India vs Australia: Why India’s list of walking wounded is getting longer
Before the insult, there was yet another injury. As Rohit Sharma’s miscued hit off Nathan Lyon arced towards his eventual downfall on Saturday, he winced and pulled up his right foot in despair. That one moment saw not just another typical Sharma dismissal, but another typical injury as well— on an excruciating tour that has already witnessed unprecedented numbers in the Indian camp.
Sharma may still get away with the niggle in his right ankle, but Brisbane provided only the latest episode in India’s running saga of the walking wounded. He was the ninth such case in the series alone, after Ishant Sharma (pre-Tests), Mohammed Shami (Adelaide), Umesh Yadav (Melbourne), Jasprit Bumrah, Ravichandran Ashwin, Ravindra Jadeja and Hanuma Vihari (all Sydney) and Navdeep Saini (Brisbane) to feel the strain of these past few months of non-stop cricket.
Musculo-skeletal injuries have kept tumbling out of the Indian dressing room, raising questions about training, injury management, the effect of pandemic-induced lockdown and life in the bio-bubble. The spirit may yet triumph for India to come away with a drawn series (what with back-up players and rookies putting up a fight at the Gabba), but the aftermath of the injuries could well be felt further into a year that has just begun. That Australia’s firepower has been undimmed despite Mitchell Starc, Pat Cummins, Josh Hazlewood and Nathan Lyon playing in all four Tests will only result in comparisons between the teams on fitness work.
Fitness experts had warned that top athletes would break down on return to action from the lockdown (which was Ashwin’s reasoning too), but Australia coach Justin Langer was quick to blame IPL, which preceded India’s long tour (a reason Glenn McGrath was quick to disagree with).
With everyone from the public to the pundits demanding answers (Sunil Gavaskar even told the broadcasters that “there should be efforts to find out if it is because of excessive or less training, or because of the lockdown.”), we asked Ramji Srinivasan—India’s former strength and conditioning coach—to weigh in with his assessment of the situation.
Didn’t happen overnight
“You cannot look at these injuries in isolation. They must have culminated over a period,” said Srinivasan. “End of the day, Nitin Patel (India’s physio) and Nick Webb (trainer) can’t be blamed, they joined the team post-IPL. Injuries will happen, but we have to see if these are repetitive injuries. In that case the process and protocols need to be tweaked.”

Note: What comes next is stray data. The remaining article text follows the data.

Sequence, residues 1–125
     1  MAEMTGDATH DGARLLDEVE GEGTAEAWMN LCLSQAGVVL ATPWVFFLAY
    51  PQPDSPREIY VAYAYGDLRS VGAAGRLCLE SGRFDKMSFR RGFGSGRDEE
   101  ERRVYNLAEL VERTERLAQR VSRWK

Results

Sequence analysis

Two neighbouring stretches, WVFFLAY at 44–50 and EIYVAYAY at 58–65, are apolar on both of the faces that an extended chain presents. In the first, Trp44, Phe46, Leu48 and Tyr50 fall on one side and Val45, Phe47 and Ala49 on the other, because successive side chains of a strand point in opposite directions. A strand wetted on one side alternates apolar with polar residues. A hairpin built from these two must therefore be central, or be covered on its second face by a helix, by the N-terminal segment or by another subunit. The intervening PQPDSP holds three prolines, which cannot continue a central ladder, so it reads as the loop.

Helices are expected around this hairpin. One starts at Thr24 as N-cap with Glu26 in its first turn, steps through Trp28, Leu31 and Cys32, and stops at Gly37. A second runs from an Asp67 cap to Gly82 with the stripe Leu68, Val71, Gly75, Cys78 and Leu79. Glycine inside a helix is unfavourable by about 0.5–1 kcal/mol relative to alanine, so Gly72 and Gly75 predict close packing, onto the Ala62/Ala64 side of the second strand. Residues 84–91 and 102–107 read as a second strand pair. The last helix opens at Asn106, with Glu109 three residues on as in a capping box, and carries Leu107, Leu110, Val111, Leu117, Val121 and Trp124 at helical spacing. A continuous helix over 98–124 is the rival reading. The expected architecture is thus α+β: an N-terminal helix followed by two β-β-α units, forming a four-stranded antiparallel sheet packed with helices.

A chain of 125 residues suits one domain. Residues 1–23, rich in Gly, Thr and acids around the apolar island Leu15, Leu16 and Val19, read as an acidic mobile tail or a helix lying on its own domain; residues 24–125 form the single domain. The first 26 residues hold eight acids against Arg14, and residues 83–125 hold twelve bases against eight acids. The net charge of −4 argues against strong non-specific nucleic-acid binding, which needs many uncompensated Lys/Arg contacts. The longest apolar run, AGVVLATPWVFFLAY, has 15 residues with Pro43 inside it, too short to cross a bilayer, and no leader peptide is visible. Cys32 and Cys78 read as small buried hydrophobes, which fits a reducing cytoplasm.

Was the workload management not ideal, Srinivasan was asked. “Exactly. What is the workload management doing then?” he said. “There’s no point in just having the data. Working on the information from that data is equally important… Everybody has gone through the bio-bubble, across sports. One has to be mindful of it in current times, by being intelligent and adaptable.”
What caused the spate of injuries, then? “Wrong mechanics, wrong exercise, wrong loading, wrong angles, wrong recovery protocols—they all contribute,” said Srinivasan, before acknowledging that there has been a pattern to the injuries.
“We are seeing mostly calf, hamstring, hip flexor muscle injuries. These happen when you start running outdoors. The mechanics are different from running on a treadmill. How a player adapts from training indoors to outdoors is the key. It is up to the professionals to make the players adaptable.”
India’s former physio, John Gloster, now with Rajasthan Royals, is not surprised by the sudden rise in numbers either. “The context of the injuries is preparation, the key to any game. The ones we have control over are the calf, quadriceps, hamstring, etc,” said Gloster. “You can’t say the lead up to the Australia series was normal. In such a condition, if a player has to go through the rigours of three formats you can expect soft tissue injuries… The common denominator is altered preparation before and during the tournament.”
“The other thing is they have gone from T20 cricket to ODIs to Tests—bang, bang, bang,” added Gloster. “The preparation has to be completely different format-wise. Hence the need for much larger squads and the need to take net bowlers, some of whom are playing now for India. The preparation time has been reduced and restricted due to the quarantine period and altered training protocols.”
Gloster claims that the Royals team management left no stone unturned in making their bio-bubble experience as normal as possible during IPL—a far cry from the conditions in Brisbane, where the Indian players are currently not allowed to use the gym or the swimming pool in the team hotel. That too plays a big role, said Gloster.
“We may be seeing the physical injuries as a result of proper mental fatigue, caused because of the bubble environment. That was a factor we never had to consider before. That’s why we spent so much time on the hotel environment during IPL—on having the green spaces, having balconies, having the ability to escape the room. It makes a huge difference,” he said.
What also makes a difference, according to ICC, is their new guidelines on how to prepare cricketers, especially bowlers, returning from long lockdown breaks. The protocol is elaborate, although not very practical for different team managements and their players. It reads: “Test cricket would require a minimum 8-12 week preparation period, the final 4-5-week period would involve match intensity bowling.”
Far from the recommended preparation time, India’s bowlers have played 3 T20Is, 3 ODIs and 4 Tests in the space of just 6 weeks. That, immediately on the back of a gruelling IPL campaign, which in turn started after a long and sudden period of rest. Somewhere within all of that lies the real blame.
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